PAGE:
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Use Your Ceiling Fan To Boost Your HVAC Efficiency

Use Your Ceiling Fan To Boost Your HVAC Efficiency

You may be ignoring a money-saving tool that already exists in your home - one that could save you ten, twenty, even thirty percent over the course of a summer! Reports vary as to results and savings, but they all agree that a you’ll save money by using your ceiling fan.

There are several factors which will determine how much you can save. Here are some tips you can try to decrease your energy usage and increase savings.

  • The location of your fanThe location and width of your fans will have a huge impact. You should install your fans directly over areas where you and your family will be active. For instance, in the family room, arrange seating under the fan. The table should be under the dining room fan, and the bed under the bedroom fan. The reason is this: The way a fan works is by changing the perceived comfort level rather than influencing the actual room temperature. The body perceives a temperature drop when the air is circulating, and a change of even a few degrees will make you feel cooler.

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  • The size of your fan.When you install a fan, remember to get the right size. For instance, if you double the width of the fan blades, you will get the area in the room which will feel the cooling effects. A 36” fan will move air in a 6-foot circle below, and a 60” fan will cover ten feet. Be sure to keep the fan low enough as well, since installing in the top of a high ceiling won’t allow it to operate as efficiently.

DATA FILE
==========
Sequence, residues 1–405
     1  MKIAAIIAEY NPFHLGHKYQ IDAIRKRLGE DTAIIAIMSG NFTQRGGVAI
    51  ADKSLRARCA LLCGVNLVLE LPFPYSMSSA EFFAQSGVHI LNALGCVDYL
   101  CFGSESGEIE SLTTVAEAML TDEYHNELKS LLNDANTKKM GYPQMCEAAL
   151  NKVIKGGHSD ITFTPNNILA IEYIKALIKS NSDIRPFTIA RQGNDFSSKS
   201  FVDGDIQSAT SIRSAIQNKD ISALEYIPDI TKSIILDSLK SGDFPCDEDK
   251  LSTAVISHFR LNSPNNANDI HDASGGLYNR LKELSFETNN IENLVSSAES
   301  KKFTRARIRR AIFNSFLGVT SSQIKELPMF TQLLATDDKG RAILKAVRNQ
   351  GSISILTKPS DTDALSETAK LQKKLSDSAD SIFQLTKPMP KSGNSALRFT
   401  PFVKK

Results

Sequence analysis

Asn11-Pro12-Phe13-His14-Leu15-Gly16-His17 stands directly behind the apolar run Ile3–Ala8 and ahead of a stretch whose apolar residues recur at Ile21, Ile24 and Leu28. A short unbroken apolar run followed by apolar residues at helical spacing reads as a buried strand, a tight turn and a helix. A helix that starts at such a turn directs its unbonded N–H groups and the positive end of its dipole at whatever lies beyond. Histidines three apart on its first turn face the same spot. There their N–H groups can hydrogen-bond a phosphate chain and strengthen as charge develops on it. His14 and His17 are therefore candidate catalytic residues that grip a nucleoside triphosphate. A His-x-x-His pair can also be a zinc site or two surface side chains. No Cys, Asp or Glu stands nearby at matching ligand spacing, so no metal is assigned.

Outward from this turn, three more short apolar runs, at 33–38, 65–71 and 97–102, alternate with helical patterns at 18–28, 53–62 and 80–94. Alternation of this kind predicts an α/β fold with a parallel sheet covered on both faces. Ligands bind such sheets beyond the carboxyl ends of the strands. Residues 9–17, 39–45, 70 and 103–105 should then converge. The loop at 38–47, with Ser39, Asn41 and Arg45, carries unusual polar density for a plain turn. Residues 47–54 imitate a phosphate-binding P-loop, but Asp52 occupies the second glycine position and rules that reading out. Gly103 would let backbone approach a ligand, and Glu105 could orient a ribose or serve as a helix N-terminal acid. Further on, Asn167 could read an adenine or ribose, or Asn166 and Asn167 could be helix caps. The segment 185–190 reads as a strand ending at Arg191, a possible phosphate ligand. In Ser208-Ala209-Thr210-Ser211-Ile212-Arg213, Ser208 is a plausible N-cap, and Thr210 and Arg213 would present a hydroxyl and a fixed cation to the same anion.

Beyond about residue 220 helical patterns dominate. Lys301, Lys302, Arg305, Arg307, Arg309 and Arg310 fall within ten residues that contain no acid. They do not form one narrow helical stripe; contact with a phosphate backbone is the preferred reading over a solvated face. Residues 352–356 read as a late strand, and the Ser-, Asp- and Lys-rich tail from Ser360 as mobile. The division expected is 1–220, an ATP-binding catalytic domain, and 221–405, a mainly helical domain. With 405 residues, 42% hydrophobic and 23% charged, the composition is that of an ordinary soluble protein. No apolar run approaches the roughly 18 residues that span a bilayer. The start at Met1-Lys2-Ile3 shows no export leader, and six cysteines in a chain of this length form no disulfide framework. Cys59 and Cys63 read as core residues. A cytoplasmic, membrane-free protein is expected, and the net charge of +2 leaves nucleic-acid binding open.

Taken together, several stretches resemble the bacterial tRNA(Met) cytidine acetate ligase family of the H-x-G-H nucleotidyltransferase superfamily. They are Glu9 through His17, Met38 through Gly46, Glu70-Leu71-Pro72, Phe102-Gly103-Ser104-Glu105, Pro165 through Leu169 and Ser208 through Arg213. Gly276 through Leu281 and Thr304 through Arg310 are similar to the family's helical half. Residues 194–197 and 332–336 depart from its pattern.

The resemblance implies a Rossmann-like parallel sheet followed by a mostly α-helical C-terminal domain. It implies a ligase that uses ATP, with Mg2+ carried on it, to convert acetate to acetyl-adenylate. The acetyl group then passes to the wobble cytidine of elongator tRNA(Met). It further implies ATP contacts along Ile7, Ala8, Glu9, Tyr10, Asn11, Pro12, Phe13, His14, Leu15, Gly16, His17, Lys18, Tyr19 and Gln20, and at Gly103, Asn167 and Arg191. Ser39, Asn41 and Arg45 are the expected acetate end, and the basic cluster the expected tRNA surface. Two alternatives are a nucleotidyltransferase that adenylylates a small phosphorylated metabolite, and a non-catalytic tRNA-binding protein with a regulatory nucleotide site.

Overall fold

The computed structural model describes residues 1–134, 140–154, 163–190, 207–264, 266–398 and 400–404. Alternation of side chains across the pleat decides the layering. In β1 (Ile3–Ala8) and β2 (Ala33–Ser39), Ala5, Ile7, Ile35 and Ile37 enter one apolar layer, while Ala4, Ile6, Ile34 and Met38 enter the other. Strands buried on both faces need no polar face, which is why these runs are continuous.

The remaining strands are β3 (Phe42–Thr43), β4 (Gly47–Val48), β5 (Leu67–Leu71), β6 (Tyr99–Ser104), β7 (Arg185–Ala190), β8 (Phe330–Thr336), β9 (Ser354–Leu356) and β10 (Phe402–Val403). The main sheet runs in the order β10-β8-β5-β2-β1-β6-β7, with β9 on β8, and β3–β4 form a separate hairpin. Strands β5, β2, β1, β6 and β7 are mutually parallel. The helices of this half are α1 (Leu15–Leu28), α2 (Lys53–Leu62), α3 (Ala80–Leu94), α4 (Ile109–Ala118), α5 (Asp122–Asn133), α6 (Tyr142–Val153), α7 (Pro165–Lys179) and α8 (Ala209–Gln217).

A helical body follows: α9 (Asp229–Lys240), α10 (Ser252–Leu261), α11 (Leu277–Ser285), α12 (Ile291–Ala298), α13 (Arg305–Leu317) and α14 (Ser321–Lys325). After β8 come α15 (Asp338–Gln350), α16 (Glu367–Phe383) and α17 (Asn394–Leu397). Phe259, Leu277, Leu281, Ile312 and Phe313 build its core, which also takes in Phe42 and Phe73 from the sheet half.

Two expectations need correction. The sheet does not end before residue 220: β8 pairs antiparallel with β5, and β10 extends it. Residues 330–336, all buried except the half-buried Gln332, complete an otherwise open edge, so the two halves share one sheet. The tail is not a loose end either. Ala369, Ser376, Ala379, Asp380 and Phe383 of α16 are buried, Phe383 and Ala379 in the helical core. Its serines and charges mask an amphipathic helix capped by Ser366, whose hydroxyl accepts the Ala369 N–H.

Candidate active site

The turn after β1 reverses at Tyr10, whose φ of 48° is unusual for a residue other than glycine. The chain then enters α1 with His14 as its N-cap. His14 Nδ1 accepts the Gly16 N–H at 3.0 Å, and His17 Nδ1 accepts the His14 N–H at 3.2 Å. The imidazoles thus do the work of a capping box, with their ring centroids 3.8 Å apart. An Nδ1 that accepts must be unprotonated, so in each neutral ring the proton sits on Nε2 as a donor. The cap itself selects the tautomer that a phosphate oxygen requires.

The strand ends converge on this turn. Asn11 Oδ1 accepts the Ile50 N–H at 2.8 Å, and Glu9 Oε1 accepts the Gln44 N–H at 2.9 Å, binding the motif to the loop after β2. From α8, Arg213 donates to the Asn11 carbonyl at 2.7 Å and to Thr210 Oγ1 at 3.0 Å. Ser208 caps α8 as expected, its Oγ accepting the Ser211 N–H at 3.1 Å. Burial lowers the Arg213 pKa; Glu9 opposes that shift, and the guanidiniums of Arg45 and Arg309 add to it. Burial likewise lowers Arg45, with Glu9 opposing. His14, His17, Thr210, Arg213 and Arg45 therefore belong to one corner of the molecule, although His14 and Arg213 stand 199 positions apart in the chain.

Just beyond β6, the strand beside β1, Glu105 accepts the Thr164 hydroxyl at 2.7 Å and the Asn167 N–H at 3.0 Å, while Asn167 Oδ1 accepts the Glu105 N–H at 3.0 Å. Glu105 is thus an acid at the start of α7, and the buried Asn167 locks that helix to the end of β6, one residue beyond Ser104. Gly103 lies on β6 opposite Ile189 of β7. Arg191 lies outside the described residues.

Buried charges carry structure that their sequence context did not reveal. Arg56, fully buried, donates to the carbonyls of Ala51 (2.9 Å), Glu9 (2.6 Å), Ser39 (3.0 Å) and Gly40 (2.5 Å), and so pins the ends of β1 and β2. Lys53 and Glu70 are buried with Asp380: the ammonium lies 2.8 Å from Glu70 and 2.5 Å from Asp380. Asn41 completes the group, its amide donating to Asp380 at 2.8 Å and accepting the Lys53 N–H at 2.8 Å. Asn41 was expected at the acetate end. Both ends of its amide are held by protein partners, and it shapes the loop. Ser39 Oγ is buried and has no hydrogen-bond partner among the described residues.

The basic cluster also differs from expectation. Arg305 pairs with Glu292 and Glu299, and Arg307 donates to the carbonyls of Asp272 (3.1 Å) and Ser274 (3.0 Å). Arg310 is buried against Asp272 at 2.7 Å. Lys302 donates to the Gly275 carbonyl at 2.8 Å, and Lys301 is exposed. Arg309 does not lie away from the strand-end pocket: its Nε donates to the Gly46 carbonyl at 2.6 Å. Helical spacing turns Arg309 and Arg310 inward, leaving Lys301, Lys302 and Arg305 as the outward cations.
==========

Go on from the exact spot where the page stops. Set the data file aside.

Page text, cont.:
• Turn if off when you’re not there!If you aren’t in a room, turn off the fan. Since the effectiveness is based on airflow, if you aren’t in the room it isn’t going to help. Save the money while you are gone. An average ceiling fan uses 75 to 100 watts of power. Your AC unit is likely consuming about 2000 watts. If you can turn the AC up and use the fan for comfort, that is an efficient trade-off which will save you money over the summer.
  • Be sure that the rotation of the blades is correct.In the summer, the blades should move counterclockwise. This moves the air downward, which circulates the hot air at floor level out toward the walls, up, and then back down through the fan. When winter comes, reversing the blades will pull the cool air from the floor, which forces the hot air down the walls to the floor area. Set it to the lowest power, since you won’t want a strong breeze in the winter, just gentle movement.

Another helpful tip: Each time you change the fan’s direction, clean it. This is a great time to dust and wipe the blades, check the balance, and clean the motor housing with your duster or a vacuum.

Fans are a great investment, and a quality fan will last a lifetime, run quietly, and be an asset to the value of your home.